A decades old mystery involving black holes may have been solved by renowned astrophysicist Stephen Hawking. In a conference at the KTH Royal Institute of Technology in Stockholm, Sweden, Hawking made the claim that black holes “ain’t as black as they were painted,” according to Newsweek.
Black holes have been largely contentious between astrophysicists. The issue was that if information can never be lost, where does it go if it gets sucked into a black hole? Hawking had “insisted for a long time that information was irretrievable.”
Now Hawking, along with colleagues Andrew Strominger from Harvard University and Malcolm Perry from Stanford University, claim that they might know what happens to the information.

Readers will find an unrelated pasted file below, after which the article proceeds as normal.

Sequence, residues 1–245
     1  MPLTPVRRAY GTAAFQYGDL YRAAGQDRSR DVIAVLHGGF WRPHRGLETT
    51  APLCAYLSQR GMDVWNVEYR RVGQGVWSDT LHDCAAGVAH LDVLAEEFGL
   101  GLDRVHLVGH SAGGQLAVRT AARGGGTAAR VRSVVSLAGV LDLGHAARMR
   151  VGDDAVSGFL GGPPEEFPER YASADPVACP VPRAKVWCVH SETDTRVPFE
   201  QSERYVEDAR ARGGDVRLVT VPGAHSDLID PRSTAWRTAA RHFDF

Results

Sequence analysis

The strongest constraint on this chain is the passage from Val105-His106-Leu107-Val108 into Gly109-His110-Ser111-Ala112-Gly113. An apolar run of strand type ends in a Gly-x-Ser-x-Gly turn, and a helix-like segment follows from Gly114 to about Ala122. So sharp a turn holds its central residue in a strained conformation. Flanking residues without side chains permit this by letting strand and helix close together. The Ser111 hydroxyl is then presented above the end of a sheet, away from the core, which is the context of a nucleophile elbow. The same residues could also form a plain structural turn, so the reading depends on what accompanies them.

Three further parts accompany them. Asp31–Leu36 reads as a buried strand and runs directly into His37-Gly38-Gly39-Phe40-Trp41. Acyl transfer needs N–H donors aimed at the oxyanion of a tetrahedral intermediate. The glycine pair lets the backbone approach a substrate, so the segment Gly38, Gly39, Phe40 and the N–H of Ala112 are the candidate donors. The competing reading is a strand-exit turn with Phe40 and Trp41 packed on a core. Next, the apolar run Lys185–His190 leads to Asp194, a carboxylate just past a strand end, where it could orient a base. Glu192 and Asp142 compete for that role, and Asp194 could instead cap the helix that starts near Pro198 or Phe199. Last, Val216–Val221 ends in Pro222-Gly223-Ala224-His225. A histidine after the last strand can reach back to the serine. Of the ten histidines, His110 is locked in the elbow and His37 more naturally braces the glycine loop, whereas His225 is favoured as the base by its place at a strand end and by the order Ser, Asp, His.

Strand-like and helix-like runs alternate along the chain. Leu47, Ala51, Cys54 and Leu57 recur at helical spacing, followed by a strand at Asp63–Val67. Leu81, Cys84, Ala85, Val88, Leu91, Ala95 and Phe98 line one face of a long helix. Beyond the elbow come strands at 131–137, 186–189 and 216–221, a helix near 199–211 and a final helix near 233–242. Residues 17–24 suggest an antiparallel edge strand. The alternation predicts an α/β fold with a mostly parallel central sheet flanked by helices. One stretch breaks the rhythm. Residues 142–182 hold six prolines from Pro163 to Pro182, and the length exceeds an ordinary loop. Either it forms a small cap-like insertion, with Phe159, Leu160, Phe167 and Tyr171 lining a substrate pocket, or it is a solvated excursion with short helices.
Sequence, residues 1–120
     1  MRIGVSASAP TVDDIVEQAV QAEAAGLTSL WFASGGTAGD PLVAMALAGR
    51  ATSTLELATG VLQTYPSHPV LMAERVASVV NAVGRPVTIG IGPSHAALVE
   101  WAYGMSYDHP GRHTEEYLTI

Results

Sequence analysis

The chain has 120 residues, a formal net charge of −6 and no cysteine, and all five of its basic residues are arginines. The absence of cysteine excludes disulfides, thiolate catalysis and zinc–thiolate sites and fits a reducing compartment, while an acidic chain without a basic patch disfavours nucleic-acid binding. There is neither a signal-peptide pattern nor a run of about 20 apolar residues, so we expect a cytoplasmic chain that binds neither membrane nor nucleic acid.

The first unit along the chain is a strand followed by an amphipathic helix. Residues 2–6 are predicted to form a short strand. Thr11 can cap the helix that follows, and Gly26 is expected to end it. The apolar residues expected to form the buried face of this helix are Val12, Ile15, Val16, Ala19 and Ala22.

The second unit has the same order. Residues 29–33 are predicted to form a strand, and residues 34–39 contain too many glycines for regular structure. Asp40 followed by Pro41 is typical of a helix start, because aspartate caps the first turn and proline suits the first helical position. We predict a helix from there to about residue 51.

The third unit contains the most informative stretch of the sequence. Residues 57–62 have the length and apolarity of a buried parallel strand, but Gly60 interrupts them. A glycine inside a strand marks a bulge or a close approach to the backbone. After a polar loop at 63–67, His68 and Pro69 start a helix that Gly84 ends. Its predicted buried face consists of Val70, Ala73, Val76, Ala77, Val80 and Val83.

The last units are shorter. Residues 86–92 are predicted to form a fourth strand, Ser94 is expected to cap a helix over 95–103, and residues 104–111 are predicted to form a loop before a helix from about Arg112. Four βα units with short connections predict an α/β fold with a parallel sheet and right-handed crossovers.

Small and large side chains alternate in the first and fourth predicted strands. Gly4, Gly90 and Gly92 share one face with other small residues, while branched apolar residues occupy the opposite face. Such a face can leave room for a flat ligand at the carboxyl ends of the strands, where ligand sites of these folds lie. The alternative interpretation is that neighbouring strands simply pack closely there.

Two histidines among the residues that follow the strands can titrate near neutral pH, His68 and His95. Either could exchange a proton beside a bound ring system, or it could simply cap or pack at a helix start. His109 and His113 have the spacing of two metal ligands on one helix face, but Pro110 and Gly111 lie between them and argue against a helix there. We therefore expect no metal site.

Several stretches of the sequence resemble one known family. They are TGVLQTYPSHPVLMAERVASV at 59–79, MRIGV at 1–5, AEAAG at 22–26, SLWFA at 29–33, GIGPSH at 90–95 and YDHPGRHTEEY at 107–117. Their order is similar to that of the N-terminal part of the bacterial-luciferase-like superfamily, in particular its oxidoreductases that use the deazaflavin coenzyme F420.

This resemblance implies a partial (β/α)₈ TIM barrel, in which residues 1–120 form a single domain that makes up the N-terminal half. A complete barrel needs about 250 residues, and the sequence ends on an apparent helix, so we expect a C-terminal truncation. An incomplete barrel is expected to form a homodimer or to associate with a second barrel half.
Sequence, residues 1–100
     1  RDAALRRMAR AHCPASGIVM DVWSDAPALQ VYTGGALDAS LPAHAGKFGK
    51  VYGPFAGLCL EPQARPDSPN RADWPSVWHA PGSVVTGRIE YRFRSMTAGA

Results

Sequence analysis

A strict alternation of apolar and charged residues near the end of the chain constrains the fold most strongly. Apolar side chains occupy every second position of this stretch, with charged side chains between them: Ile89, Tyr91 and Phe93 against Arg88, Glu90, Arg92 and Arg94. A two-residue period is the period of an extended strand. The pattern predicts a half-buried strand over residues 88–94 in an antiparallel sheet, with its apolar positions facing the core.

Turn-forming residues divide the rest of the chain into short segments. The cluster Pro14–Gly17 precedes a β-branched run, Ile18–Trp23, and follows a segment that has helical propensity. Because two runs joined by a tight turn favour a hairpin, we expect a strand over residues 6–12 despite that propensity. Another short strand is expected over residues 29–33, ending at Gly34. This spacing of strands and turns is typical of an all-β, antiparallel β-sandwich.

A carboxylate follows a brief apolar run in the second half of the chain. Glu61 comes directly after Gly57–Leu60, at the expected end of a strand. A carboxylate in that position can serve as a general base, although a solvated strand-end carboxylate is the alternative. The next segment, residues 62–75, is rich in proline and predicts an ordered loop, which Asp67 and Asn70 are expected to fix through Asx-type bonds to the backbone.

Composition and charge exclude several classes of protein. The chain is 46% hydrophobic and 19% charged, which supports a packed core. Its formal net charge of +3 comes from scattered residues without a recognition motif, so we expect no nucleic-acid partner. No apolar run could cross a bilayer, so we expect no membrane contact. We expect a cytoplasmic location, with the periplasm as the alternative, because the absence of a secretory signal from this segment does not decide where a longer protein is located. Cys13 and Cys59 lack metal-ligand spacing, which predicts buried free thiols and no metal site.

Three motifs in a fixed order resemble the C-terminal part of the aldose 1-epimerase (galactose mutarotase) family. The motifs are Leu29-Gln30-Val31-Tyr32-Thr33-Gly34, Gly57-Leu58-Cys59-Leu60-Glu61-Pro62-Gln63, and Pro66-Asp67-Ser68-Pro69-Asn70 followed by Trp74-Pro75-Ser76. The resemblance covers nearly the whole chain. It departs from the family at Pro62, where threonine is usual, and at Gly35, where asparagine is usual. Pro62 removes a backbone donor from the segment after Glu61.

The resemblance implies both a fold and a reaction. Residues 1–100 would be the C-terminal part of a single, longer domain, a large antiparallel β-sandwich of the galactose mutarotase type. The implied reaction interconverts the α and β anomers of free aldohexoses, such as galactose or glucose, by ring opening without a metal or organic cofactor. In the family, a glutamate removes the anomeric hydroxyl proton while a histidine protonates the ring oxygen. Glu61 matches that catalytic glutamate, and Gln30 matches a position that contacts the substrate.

“The information is not stored in the interior of the black hole as one might expect,” Hawking claims, “but on its boundary – the event horizon.” Hawking has previously proven the existence of a form of radiation that emits from black holes, called Hawking radiation, and that radiation might just be that information that was once thought lost.
Sadly, the world renown theoretical physicist claims that this information is “in a chaotic and useless form. For all practical purposes, the info is lost.” So while technically, the information didn’t just disappear, it’s just worthless.
Hawking used the comparison of burning an encyclopedia to this theorized phenomenon. “You wouldn’t technically lose any information if you kept all the ashes in one place,” he muses, “but you’d have a hard time looking up the capital of Minnesota.”
While this news may seem to be just as worthless as the information emitted by the Hawking radiation, Dan Hooper, a theoretical astrophysicist at Fermilab is not as pessimistic. “If we understand how [black holes] work, this bigger question of how general relativity and quantum mechanics work together or unify might become more clear.”
This week’s recent theory rides on the coattails of another astronomy related theory regarding the shape of galaxies.